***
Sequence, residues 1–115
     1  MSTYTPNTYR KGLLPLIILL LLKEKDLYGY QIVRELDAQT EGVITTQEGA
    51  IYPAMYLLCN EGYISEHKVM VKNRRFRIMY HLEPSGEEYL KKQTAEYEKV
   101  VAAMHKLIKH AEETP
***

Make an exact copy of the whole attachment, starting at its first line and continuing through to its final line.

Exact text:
Sequence, residues 1–115
     1  MSTYTPNTYR KGLLPLIILL LLKEKDLYGY QIVRELDAQT EGVITTQEGA
    51  IYPAMYLLCN EGYISEHKVM VKNRRFRIMY HLEPSGEEYL KKQTAEYEKV
   101  VAAMHKLIKH AEETP